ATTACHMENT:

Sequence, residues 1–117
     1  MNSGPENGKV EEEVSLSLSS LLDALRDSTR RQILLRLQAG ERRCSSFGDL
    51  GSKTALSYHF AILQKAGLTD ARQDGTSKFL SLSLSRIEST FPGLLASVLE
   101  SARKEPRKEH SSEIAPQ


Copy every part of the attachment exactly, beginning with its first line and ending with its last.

Sequence, residues 1–117
     1  MNSGPENGKV EEEVSLSLSS LLDALRDSTR RQILLRLQAG ERRCSSFGDL
    51  GSKTALSYHF AILQKAGLTD ARQDGTSKFL SLSLSRIEST FPGLLASVLE
   101  SARKEPRKEH SSEIAPQ